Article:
Vimal  Sankar

Be it a democracy or autocracy, politicians and Government officials are almost unapproachable - in my experience - barring a few exceptions.

Once in power, the humble nature shown before the election vanishes like a fart in the wind.

Roads getting blocked with security convoys travelling at high speeds and disruptions for day-to-day public life is what I have seen growing up.

At the International Boxing Association (IBA) Men's World Boxing Championships in Tashkent, when Uzbekistan's Sports Minister Adkham Ilkhamovich Ikramov attended the event, I witnessed something similar.

The Humo Arena was full of bodyguards, with restricted access on certain entry points and multiple checks on everyone trying to get into the stadium.

Adding to that, Shavkat Mirziyoyev, the President of the country deciding to pay a visit, did not help at all.

From day one, there was multiple requests until the end of the tournament for a chat with Ikramov to understand Uzbekistan’s sporting ambitions - but it never materialised.

Every time I approached the Local Organising Committee, the answer was always the same: "We are waiting to hear back from the Ministry."

Behind the scenes, voters in Uzbekistan approved constitutional changes that will allow Mirziyoyev to rule for another 14 years.

What better way to tell the world that the country is moving on from the dictatorship of Islam Karimov, who died in 2016?   

Nevertheless, it was a learning experience in what is turbulent times for Olympic boxing and, maybe, even Uzbekistan.

Azerbaijan Sports Minister Farid Gayibov, centre, surprised me with his down to earth nature ©European Gymnastics
Azerbaijan Sports Minister Farid Gayibov, centre, surprised me with his down to earth nature ©European Gymnastics

After two weeks of boxing, I came to Baku in Azerbaijan for the European Rhythmic Gymnastics Championships for more sporting action.

As usual, I had requested for an interview with Farid Gayibov, the Sports Minister of Azerbaijan.

It took only one day for that to be arranged in stark contrast to a few weeks ago.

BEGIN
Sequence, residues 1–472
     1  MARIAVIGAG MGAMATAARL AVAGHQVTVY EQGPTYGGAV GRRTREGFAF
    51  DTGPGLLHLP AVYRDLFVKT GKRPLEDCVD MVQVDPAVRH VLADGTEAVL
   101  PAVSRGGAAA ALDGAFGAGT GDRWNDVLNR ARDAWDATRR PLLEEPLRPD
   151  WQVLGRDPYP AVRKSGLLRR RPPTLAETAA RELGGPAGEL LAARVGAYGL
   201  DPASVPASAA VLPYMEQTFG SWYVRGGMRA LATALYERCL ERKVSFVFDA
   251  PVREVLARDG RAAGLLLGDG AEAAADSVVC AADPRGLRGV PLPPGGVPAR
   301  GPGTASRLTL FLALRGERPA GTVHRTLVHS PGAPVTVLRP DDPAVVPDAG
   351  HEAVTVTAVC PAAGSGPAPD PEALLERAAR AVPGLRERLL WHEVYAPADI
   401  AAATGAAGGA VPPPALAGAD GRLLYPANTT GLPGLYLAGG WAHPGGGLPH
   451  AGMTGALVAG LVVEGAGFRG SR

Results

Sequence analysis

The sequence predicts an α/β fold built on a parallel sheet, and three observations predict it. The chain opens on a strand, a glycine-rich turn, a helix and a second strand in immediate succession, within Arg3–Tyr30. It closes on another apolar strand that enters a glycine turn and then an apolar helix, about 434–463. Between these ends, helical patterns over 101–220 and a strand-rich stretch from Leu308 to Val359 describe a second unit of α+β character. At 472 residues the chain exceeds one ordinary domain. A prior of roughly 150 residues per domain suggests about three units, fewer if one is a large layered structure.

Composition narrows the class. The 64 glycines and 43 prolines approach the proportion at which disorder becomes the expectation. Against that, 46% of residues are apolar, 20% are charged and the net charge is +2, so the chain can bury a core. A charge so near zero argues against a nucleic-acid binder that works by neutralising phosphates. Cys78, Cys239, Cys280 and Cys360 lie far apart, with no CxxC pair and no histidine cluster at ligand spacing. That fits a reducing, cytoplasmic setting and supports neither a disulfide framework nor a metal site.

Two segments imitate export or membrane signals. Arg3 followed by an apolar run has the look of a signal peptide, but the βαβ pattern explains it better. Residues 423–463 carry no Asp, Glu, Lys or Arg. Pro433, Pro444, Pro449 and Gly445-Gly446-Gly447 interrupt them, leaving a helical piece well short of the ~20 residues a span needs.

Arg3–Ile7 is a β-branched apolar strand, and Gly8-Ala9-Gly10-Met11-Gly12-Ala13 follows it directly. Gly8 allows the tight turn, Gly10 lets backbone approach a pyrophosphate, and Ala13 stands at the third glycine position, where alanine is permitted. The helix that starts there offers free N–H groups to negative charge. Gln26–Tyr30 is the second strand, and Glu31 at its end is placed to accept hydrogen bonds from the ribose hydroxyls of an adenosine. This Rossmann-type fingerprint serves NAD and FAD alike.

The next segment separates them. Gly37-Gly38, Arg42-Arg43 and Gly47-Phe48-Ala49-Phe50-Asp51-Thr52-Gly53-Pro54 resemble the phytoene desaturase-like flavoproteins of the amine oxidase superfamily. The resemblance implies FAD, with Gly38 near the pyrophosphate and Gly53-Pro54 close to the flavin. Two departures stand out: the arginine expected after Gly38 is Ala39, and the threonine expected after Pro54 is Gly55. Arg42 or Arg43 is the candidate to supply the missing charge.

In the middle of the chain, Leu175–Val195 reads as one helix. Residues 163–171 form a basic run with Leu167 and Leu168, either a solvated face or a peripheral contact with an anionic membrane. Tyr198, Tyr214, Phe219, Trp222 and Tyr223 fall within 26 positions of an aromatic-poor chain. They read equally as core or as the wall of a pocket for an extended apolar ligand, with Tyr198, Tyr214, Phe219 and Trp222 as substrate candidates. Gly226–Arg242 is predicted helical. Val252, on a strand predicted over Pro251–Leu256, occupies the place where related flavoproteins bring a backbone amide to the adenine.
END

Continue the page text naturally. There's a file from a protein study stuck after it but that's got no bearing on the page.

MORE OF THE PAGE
As the press officer took me to Gayibov, I saw a man, in a sharp suit and glasses, who was sitting in a small chair just like most of us inside the National Gymnastics Arena in Baku, surrounded by Organising Committee members and fans behind them.

Not one security official or check on the way. As he saw me, we shook hands and went to a quieter room to have a chat. I had to pinch myself to make sure I was not dreaming.

Gayibov, also the President of European Gymnastics, spoke about everything from the 2027 Rhythmic Gymnastics World Championships that was awarded to Baku to future sporting plans for Azerbaijan.

I did enjoy the off the record conversations more to be honest, but it was certainly a productive 40 minutes.

As he offered me drinks and food, I politely declined. But Gayibov insisted that I join him and some colleagues from National Federations in Europe for dinner.

This time, I accepted with the condition that I had to leave soon to complete my work.

Around 8pm, I reached the restaurant where I met many European Gymnastics National Federation members and Gayibov who were discussing everything sport and sharing some laughs.

After a quick bite, I opened my laptop and started working simultaneously as the others continued.

Just like that, it was midnight and as guests started to slowly head back to their hotels, I realised that I had no transport.

But Gayibov said he will sort it out and asked me to wait.

After a few minutes, he asked me to get into his car and we started the journey.

Russian Sports Minister Oleg Matytsin, left, was more approachable than his Indian counterpart Anurag Thakur, during the IBA Women's World Boxing Championships  ©IBA
Russian Sports Minister Oleg Matytsin, left, was more approachable than his Indian counterpart Anurag Thakur, during the IBA Women's World Boxing Championships ©IBA

From not being allowed to get within 10 metres near Ikramov in Tashkent to traveling with Gayibov in his official car, it was one of those rare full circle moments.

We spoke about a variety of topics, as he explained to me how Baku has changed over the years.

I could see the academic in him as he talked about his Doctorate from the National State University of Physical Education, Sports and Health in Saint Petersburg, Russia, and the sporting side as he told me about running a marathon in the Azeri capital. 

As he dropped me at the hotel, he asked me to let him know when I come back to the city for a holiday.  

Speaking about Sports Ministers, the story would not be complete without mentioning the one from my own country.

As part of the magazine piece that I was supposed to write, I was chasing India's Anurag Thakur for almost one month.

Multiple calls and texts so I could get an official opinion about India's Olympic ambitions after news about the subcontinent’s interest in staging the Games in 2036 emerged.

As you guessed, there was no response from the right-wing Bhartiya Janata Party politician or his associates.

My colleague and friend Geoff Berkeley, who travelled to New Delhi for the IBA Women's World Boxing Championships, also suffered the same fate.

He told me that approaches for an interview on the opening day was not even listened to.

Thakur, however, spoke to a certain organisation in India and carried on, I was told.

It is not surprising as BJP politicians do what they want. But at least in Geoff's case, Russian Sports Minister Oleg Matytsin, who was also in India, ensured he had plenty of stories.

Here is to all the approachable Sports Ministers around the world.